From the '99 NEC (The current here in CA) 820-40 (b) Electrode. The grounding conductor shall be connected as follows. 1. To the nearest accessible location on the following: a. The building or structure grounding electrode system as covered in Section 250-50 b. The grounded interior metal water piping system as covered in Section 250-104(a) c. The power service accessible means external to enclosures as covered in Section 250-92(b) d. The metallic power service raceway e. The service equipment enclosure f. The grounding electrode conductor or the grounding electrode conductor metal enclosure, or g. To the grounding conductor or to the grounding electrode of a building or structure disconnecting means that is grounded to an electrode as covered in Section 250-32; or....
Sounds good so far, but 250-70 doesn't like that clamp. 3. For indoor telecommunications purposes only, a listed sheet metal strap-type ground clamp having a rigid metal base that seats on the electrode and having a strap of such material and dimensions that it is not likely to stretch during or after installation.
The Cu connection to the Al hub also is, I believe, a bust of 110-14, dissimilar metals
Code Compliant? I think not
[This message has been edited by electure (edited 04-09-2005).]
Re: Cable Company Grounding Methods#120413 04/09/0509:15 AM04/09/0509:15 AM
The 1/2" PVC in the first picture is protecting the GEC, which is connected to a ground rod. The cable guy did not run his ground wire to the nearest accessible location. I will be fixing this for my neighbor.
Re: Cable Company Grounding Methods#120414 04/09/0510:40 AM04/09/0510:40 AM
In a situation like this I once ran a small tail of #6 BC out of the bottom of the meter enclosure because I thought I had to make something available. The Poco inspector wanted it removed and accused me of drilling a hole for it too.
Re: Cable Company Grounding Methods#120416 04/09/0511:08 AM04/09/0511:08 AM
What made it worse was this was on a service upgrade and the Poco guy told the customer (I wasn't there) this was against code and I shouldn't have drilled a hole in the enclosure either, so you can imagine I got a call about it.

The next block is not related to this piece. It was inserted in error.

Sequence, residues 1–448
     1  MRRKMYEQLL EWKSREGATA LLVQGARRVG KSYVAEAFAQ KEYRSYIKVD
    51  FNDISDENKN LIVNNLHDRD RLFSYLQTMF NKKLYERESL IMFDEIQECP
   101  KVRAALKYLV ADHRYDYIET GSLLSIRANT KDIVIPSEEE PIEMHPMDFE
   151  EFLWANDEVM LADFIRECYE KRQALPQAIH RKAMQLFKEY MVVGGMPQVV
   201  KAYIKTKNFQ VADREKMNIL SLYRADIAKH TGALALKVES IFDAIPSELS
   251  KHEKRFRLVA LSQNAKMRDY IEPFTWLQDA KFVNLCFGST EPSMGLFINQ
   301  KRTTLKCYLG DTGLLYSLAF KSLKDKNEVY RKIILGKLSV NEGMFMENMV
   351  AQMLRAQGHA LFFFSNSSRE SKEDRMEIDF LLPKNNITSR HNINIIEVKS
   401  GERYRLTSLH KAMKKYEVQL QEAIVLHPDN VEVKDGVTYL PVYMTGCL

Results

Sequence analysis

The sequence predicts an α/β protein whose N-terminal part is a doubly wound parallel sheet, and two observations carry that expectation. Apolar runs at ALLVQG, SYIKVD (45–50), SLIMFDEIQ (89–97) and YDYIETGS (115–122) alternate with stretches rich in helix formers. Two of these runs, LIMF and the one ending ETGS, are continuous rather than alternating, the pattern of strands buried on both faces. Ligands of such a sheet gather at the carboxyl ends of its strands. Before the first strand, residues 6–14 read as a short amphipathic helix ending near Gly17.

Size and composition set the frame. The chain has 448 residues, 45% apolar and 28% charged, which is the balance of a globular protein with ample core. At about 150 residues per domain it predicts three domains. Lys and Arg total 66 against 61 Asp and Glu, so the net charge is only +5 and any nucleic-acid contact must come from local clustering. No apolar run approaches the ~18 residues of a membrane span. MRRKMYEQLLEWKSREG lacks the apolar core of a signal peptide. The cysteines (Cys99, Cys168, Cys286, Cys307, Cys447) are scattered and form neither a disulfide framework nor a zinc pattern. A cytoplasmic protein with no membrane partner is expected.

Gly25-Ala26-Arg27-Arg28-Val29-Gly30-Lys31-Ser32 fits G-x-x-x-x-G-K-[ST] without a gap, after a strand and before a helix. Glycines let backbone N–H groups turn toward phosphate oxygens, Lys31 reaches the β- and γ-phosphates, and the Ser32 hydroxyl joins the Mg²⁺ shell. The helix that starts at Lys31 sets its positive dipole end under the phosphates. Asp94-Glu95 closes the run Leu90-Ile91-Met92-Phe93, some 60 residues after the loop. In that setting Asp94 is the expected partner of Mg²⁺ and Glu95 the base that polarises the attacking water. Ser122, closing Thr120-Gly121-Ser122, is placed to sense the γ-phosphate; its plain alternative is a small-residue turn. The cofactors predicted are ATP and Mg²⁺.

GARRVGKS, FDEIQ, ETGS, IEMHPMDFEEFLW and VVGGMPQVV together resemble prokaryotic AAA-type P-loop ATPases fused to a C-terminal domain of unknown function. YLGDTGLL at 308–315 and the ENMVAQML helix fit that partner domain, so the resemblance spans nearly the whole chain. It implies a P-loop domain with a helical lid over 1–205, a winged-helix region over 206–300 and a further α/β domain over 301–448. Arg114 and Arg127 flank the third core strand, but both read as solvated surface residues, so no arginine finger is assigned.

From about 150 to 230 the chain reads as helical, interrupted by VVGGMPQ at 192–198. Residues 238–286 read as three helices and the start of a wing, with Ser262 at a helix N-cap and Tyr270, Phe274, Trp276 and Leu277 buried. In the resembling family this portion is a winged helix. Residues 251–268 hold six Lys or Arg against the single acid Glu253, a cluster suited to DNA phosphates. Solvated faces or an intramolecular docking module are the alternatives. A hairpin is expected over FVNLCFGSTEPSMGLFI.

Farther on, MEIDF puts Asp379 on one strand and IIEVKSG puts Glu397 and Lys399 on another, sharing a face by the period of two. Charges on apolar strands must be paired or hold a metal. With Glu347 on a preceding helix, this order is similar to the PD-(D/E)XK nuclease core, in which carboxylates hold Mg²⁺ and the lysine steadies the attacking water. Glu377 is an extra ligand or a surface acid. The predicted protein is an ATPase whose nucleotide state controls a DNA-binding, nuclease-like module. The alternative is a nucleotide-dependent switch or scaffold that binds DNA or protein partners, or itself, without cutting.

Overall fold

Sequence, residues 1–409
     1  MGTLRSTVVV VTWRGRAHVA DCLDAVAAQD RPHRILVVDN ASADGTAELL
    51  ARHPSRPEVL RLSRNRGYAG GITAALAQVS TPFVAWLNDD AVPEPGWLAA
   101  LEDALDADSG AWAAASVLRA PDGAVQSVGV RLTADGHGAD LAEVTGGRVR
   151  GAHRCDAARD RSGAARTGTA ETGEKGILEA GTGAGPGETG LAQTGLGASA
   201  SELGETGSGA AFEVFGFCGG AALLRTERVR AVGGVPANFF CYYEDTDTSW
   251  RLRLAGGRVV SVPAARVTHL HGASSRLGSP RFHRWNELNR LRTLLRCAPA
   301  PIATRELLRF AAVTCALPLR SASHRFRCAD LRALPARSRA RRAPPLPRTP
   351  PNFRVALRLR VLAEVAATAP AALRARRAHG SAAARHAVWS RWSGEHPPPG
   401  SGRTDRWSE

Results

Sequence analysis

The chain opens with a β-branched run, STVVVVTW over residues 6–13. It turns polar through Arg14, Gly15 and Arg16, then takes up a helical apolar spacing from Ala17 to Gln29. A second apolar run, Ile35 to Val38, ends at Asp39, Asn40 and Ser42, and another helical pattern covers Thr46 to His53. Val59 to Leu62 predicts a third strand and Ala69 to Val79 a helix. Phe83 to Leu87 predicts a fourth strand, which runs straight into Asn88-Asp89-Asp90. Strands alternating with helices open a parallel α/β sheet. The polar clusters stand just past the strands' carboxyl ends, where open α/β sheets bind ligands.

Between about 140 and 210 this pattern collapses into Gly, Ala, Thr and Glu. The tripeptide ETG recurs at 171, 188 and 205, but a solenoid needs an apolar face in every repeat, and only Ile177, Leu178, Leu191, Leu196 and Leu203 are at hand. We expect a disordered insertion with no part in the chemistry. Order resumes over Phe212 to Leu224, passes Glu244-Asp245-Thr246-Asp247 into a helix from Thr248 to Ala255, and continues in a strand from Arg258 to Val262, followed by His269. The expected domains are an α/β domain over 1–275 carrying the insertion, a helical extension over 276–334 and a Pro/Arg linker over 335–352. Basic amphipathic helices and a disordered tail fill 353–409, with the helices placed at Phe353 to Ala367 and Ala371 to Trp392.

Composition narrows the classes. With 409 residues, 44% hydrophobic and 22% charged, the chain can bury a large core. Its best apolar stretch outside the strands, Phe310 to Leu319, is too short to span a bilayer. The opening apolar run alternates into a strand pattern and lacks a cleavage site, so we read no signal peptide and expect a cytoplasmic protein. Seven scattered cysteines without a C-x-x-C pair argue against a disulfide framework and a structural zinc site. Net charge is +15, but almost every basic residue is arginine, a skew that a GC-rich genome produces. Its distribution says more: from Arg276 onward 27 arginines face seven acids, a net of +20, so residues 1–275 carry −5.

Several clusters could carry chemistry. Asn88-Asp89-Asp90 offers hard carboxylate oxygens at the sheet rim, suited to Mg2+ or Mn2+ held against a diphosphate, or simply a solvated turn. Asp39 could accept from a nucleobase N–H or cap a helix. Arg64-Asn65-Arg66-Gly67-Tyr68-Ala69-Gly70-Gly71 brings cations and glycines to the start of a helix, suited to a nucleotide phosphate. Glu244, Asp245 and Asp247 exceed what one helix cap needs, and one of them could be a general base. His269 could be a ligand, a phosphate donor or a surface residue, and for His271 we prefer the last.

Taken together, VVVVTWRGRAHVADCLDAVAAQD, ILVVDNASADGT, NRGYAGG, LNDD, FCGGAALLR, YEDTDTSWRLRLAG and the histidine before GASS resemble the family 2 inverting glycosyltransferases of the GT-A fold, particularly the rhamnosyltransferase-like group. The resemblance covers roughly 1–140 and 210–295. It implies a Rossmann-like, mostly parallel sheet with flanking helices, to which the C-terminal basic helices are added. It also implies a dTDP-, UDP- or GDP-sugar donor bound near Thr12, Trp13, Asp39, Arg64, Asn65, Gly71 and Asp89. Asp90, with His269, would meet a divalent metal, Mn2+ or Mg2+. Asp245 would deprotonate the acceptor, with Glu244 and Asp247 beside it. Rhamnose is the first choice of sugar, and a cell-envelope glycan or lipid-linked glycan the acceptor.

I explained to the customer the reason for the tail but told them I would come and remove it. (I asked if it seemed like the guy was drinking - I guess he's never seen the little KOs in the bottom of the enclosures).
Does anyone leave a tail like this? I thought it (or something) was required per 250.94 in situations like the one pictured.
Re: Cable Company Grounding Methods#120418 04/09/0504:18 PM04/09/0504:18 PM
Bill what really makes the use of this clamp foolish, is the #6 GEC was exposed 12" below the cable splitter where it attached to a ground rod. The cable guy had to run more #10 to go to the meter hub and install his clamp.
The tail you ask about. I have never seen one at the meter, but have seen tails at the panel board for the cable & alarm guys to use.
Re: Cable Company Grounding Methods#120419 04/11/0512:11 PM04/11/0512:11 PM
Ah! The "Cable Guys!!" I check grounding of the cable installer whenever I get the chance. It's doubly important with powered cable (<=150 v to grd) (From all those new meter pedestals on each street corner). Sometimes I get the comment from the cable installers that their work is not my business; they don't need a permit. After I give the recalcitrant ones a WRITTEN correction notice (with a copy to the job super) I explain that they still need to comply with Code req. even without a permit, I WILL comment on unsafe installs (80.23, 110.3 #8), and that, if not remedied, they could be disconnected and/or their system powered down(80.13). In their defense, most installers, when shown the importance of proper grounding, end up revising their work to passable levels.